80s Home Computers
The 1980s were the period when computers started to become cheap enough for the general public to start buying them, initially mostly for games. In a manner resembling the expansion of new animal forms in the Cambrian period, large numbers of new machines of all types, including such exotica as the Forth-based Jupiter Ace appeared on the market, and disappeared again. A few types remained for much longer, some, such as the BBC Micro still having a devoted following, but by the end of the decade most were squeezed out between the IBM PC-compatibles and the newer generations of video game consoles.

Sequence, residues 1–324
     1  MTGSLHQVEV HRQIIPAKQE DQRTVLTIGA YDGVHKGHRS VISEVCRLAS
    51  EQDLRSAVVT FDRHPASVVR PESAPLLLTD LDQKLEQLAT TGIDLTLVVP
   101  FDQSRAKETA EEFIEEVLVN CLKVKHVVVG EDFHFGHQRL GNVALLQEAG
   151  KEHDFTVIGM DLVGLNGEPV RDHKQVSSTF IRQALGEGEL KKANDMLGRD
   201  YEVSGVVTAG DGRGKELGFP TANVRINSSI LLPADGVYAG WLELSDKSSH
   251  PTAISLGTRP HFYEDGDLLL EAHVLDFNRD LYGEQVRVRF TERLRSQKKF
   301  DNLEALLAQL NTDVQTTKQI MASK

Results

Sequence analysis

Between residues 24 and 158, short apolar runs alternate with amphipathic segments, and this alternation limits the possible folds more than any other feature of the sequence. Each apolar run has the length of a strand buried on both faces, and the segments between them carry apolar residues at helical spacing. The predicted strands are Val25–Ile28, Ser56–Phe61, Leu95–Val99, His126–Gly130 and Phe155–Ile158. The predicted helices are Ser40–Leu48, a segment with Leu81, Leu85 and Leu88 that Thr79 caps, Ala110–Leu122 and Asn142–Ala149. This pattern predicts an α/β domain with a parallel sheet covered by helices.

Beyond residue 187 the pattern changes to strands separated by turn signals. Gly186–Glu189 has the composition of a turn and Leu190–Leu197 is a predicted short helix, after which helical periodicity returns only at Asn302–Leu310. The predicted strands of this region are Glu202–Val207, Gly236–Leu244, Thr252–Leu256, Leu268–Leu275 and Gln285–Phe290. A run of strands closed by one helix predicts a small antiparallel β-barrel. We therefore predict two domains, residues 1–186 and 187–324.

Many of these computers were superficially similar, having a usually very cheap-to-manufacture keyboard integrated into the processor unit and displaying output on a home television. Many used audio compact cassette as a (notoriously unreliable) storage mechanism, floppy disk drives were very expensive at the time. Cheapness was the order of the day for most of these machines.